Student achievement using project-based learning one-to-one technology in eighth grade mathematics and science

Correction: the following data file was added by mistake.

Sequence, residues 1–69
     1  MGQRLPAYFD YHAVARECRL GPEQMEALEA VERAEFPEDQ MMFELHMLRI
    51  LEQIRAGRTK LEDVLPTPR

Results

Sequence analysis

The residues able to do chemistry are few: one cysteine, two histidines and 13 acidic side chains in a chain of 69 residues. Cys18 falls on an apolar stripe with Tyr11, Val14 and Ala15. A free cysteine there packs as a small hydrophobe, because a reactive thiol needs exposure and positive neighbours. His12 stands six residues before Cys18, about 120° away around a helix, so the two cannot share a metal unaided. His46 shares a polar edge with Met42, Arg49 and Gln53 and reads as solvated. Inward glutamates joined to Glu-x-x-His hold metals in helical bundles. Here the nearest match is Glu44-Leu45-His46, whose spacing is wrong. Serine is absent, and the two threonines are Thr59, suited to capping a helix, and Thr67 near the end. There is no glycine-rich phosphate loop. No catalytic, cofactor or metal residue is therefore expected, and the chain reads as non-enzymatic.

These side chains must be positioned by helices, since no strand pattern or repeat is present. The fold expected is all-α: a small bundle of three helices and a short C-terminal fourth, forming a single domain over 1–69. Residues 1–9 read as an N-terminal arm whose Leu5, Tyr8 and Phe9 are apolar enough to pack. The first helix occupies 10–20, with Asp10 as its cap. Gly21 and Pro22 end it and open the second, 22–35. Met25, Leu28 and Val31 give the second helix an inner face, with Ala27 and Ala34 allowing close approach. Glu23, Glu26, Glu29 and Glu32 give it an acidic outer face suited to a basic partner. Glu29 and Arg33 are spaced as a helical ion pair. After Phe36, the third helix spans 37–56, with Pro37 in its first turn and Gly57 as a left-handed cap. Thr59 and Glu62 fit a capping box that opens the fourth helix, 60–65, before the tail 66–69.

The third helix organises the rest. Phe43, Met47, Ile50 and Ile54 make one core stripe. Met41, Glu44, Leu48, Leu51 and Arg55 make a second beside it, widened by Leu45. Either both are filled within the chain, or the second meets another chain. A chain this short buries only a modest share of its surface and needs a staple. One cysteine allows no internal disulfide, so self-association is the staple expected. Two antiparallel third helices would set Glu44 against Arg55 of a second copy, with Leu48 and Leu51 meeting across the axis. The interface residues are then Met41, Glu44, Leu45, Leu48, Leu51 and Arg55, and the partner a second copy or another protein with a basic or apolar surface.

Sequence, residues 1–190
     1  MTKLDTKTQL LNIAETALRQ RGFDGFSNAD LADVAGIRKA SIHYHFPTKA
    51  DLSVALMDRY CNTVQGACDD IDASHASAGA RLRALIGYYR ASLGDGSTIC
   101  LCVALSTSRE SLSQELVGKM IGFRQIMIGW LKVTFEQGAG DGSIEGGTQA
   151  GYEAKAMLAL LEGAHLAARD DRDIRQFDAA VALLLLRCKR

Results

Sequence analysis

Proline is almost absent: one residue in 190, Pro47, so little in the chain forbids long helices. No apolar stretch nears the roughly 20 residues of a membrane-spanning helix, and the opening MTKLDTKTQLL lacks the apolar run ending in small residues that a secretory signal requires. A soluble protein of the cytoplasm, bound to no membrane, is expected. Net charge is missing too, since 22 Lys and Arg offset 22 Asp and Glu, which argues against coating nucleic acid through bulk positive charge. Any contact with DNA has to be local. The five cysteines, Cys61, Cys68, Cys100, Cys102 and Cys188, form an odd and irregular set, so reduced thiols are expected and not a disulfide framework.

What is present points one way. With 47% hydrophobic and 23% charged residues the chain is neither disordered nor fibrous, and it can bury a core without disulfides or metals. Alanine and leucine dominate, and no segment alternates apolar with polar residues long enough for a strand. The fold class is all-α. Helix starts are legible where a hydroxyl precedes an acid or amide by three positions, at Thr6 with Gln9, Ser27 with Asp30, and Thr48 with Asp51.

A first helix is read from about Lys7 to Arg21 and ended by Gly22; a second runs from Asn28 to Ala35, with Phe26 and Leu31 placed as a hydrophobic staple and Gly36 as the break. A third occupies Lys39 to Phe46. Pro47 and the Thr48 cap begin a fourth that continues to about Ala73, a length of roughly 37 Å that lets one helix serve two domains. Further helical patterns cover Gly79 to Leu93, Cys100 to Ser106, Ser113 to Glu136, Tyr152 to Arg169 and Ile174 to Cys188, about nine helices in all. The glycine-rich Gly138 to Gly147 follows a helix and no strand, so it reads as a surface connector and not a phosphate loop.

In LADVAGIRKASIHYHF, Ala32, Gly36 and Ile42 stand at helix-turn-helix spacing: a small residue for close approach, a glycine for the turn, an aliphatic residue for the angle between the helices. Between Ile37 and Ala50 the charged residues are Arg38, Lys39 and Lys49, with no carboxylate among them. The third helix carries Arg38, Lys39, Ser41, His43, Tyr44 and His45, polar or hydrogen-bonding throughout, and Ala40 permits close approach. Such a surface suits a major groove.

School districts throughout the nation spend hundreds of thousands of dollars on one-to-one technology for students in hopes of increasing academic achievement. This study examined student achievement, via project-based learning and common based assessments, of students who used one-to-one technology in eighth grade compared to students who did not use one-to-one technology in eighth grade. Utilizing mixed methodology the quantitative part of this study included data from common based assessments in mathematics and science. The teachers’ and students’ perspective of student achievement after using one-to-one technology, through project-based learning, in eighth grade is the qualitative component to this study. Using two separate components, this research was conducted in a large, suburban school district in southeast Texas. First, archival data of CBA scores were gathered from the suburban school district for students who used one-to-one technology in eighth grade and students who did not use one-to-one technology in eighth grade. The results were analyzed via factorial analysis of variance (ANOVA) which determined if there was a statistically significant mean difference between the two groups and within groups. Second, student focus groups were conducted to investigate student belief in the relationship project-based learning through the use of one-to-one technology had on student achievement. Finally, teacher perspectives on self efficacy of implementation of one-to-one technology, through the use of project-based learning was gathered.